#6

If we talk “imbalances” in general terms, then there are lots of ways to deal with things. One of the first things I get trainers doing with unilateral type exercises, such as a bicep curl for example, is to lead off with the weaker/non-dominant arm then match reps with the good side.

I have seen too many examples of guys repping out the big weight on their dominant side, then trying, and failing, to do the same on the weaker side but not worrying, and hence creating imbalances over time.

For shoulder related issues, deafferentation about the shoulder joint is a common problem leading to faulty movement patterns and creating imbalances over time. The problem with the shoulder especially is that problems in central drive tend to manifest in the previously asymptomatic limb owing to “neural spillover”, to use a rather gross term. I prefer to use biofeedback (a mirror) to make sure that movements, such as a weighted front punch, bear hug with dumb-bells (you can go quite heavy with this), are balanced and don’t use compensatory strategies (shoulder hiking), that can lead to fun imbalances (such as in upper traps).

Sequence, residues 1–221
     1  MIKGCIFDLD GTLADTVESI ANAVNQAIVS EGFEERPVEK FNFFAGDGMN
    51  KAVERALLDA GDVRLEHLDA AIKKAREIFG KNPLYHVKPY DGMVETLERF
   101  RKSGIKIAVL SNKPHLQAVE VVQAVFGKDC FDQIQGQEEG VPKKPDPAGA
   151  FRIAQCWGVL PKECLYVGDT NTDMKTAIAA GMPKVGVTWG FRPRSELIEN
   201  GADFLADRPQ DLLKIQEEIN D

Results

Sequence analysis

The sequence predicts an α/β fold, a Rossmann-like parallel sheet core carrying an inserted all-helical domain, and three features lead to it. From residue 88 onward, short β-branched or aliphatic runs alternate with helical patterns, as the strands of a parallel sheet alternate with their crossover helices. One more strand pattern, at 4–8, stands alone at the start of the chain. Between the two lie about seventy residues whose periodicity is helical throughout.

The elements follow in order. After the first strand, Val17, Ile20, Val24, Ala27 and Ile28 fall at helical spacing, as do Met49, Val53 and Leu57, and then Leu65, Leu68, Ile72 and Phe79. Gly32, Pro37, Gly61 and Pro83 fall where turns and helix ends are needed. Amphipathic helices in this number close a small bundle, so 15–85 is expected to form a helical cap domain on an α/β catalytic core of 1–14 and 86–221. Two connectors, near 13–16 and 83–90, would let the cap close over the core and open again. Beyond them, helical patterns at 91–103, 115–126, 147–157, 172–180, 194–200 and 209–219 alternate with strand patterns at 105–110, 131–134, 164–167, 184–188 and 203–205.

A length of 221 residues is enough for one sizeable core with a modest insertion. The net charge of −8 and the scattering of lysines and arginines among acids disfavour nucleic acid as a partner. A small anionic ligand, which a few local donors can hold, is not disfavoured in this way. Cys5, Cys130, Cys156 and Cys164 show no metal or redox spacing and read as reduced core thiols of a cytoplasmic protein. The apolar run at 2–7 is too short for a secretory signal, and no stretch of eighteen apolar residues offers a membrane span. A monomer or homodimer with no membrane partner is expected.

I have time for you Bill :slight_smile:


#7

jerk it with your left… lol j/k… i had that problem for a little while… what fixed it is incorporating dumbbells into the routine for every muscle group at least or 1 handed exercises…


#8

[quote]Ramzy18 wrote:
jerk it with your left… lol j/k… i had that problem for a little while… what fixed it is incorporating dumbbells into the routine for every muscle group at least or 1 handed exercises…[/quote]

lol shit, stole my line


#9

[quote]GluteusGigantis wrote:
I was extremely reticient about taking this seriously and wasting my time which is what seems to happen alot on this site. There are some absolutely fantastic threads to learn from, then another pile of absolute bullshit from people who just need to train first.